Chances are, those of you that have visited our winery during an event have met Yogi.
Yogi is our lovable Mutt. He appears to be at least half Black Lab, but his heritage was not available from the pound.
After our purebred Vizslas, Sam & Tia, passed on, Cindy & I agreed that we would not have another dog in our lives. But that if we did, it would be a Yellow Lab.
But after about a year, Cindy started telling me about different dogs she had seen on the Napa County Animal Shelter website. I would remind her of our agreement and she wouldn't mention it again for a few days. I was concerned about what type of dog she might see pictured, feel sorry for, and bring home. I had always wanted a dog that would retrieve sticks & balls. I tried to train our Vizslas to retrieve, but after about the third throw, they would just look at me with the expression: “What’s the point of this?”
So, I too started checking out the pictures on the website. If you want to take a peek at the dogs, here’s the website:
Cindy was told that black dogs are harder to place so it seemed a minor concession to consider Black Labs over Yellow Labs.
It didn’t take long for me to stumble on the following pup waiting for adoption.
I sent the link to Cindy at work and the phone rang about 30 seconds later: “I want to go see him”.
We went to the Shelter and filled out the Adoption Application. We were initially told that Bronx was a stray that went unclaimed. We were interviewed and then we went to a small room where an attendant brought in “Bronx”. Bronx was friendly, but in continual motion appearing anxious. Once the attendant felt we were all safe, she left the room. We visited with Bronx for about 15 minutes and decided we wanted to adopt him. Cindy is much more observant than I am and she noticed 2 significant things about Bronx. First, he was very “connected” to the attendant. When she left the room, he kept trying to see her and seemed to get even more anxious. Second, Cindy had detected a very slight, but noticeable limp. At the desk, they said that all pets are thoroughly checked out by a vet and that Bronx seemed to be in perfect health. Thinking that he had been a stray with a temporary shelter name of Bronx, we decided that if we got him, we’d rename him. We were going to name him Bear since he has a big, wide ole' black head like a black bear. But we go camping and didn’t think fellow campers would like to hear us yelling “Bear”. So Cindy suggested “Yogi (bear)” and I thought that was perfect. Think it's just a coincidence that Yogi Bear's girlfriend's name was Cindy Bear???
Later, we would find out that Bronx was not a stray, that he had been dropped off at the shelter. That made more sense considering the information provided on the website about him. Even so, we decided to call him Yogi.
We didn’t find out for a few days if we would be able to adopt Yogi, but when we did, Cindy bought him a new bed and toys. Over the next few days, we learned that Yogi did not handle being away from us very well, that he had separation anxiety. Cindy had noticed that he seemed anxious when the attendant left him alone with us. Then after being checked out by our vet, and a few more diagnostic appointments, we were told that Yogi needed an operation on his shoulder… an operation costing several thousand dollars. So in less than 2 weeks time, we found out that Yogi had separation anxiety and needed an expensive operation. I would have considered taking him back to the shelter and waiting for another dog without these problems, but Cindy wouldn’t. She already felt a bond with him, even though he didn’t seem to completely accept us for several months. So we got his shoulder operated on, nursed him back to good health and started working on his separation anxiety. After working with him for the last year and a half, we can now go out to dinner leaving him at home. But we advise that you not visit during that time - He guards HIS home.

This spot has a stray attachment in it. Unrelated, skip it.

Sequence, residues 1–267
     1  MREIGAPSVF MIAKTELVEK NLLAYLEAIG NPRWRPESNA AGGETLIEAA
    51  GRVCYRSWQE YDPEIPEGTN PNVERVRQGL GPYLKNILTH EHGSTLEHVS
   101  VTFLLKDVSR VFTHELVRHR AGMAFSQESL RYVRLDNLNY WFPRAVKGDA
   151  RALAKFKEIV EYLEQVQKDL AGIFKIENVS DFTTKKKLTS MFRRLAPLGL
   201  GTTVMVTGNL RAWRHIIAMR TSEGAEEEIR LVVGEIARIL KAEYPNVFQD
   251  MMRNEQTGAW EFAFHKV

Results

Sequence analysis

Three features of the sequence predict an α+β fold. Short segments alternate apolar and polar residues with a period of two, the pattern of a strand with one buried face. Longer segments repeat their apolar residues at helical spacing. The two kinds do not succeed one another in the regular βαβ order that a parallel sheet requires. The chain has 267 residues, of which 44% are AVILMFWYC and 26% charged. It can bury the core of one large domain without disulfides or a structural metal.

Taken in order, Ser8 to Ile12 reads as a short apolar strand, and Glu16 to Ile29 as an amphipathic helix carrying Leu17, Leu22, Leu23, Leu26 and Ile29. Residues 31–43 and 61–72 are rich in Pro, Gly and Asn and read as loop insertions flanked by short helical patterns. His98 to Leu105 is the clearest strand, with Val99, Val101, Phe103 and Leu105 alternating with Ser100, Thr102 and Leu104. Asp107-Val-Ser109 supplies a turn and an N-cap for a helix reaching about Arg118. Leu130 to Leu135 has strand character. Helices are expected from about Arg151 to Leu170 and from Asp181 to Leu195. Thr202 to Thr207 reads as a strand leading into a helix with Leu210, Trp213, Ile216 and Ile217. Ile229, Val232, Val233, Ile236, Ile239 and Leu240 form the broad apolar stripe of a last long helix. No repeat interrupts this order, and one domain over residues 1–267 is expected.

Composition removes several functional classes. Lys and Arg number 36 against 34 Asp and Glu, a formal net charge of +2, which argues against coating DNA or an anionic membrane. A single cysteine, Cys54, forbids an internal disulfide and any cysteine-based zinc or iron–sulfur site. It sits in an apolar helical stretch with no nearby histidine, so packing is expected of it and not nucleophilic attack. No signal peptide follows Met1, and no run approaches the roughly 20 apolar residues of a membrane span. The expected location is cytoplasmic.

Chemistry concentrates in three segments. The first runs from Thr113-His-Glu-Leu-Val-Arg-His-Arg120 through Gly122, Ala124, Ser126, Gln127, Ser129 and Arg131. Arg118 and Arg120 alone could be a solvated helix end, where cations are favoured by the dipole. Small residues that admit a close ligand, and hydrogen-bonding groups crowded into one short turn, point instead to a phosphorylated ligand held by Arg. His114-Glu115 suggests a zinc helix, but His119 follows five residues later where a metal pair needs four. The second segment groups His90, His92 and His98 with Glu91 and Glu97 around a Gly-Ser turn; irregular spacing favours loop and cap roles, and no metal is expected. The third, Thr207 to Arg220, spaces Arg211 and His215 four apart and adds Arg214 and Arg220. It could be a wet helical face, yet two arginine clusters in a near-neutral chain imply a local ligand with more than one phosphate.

I have a hunch that Yogi's first family gave him up because they found out he needed an expensive operation. They might have even suspected that at the shelter.
Had they warned us of his separation anxiety and shoulder problem, we would not have adopted him. And it would have been our loss.
One night, less than a month after we got Yogi, he was laying next to Cindy on the sofa. She was softly stroking his fur, looking down at him and smiling. She caught me watching and quickly said: “You’re not number 2!” I replied: “Oh S#%&, so now I’m number 3?”
Stay tuned for Winery Dog Yogi, Part 2 - The Orvis catalog
On this site, I intend to tell a few stories, share some family and Napa Valley history and maybe even educate a bit.
As a partner in Pina Cellars, I will write about wine and winery topics. As an employee of Pina Vineyard Management, I will write about vineyard topics. And occasionally, I will write about something unrelated to anything mentioned above.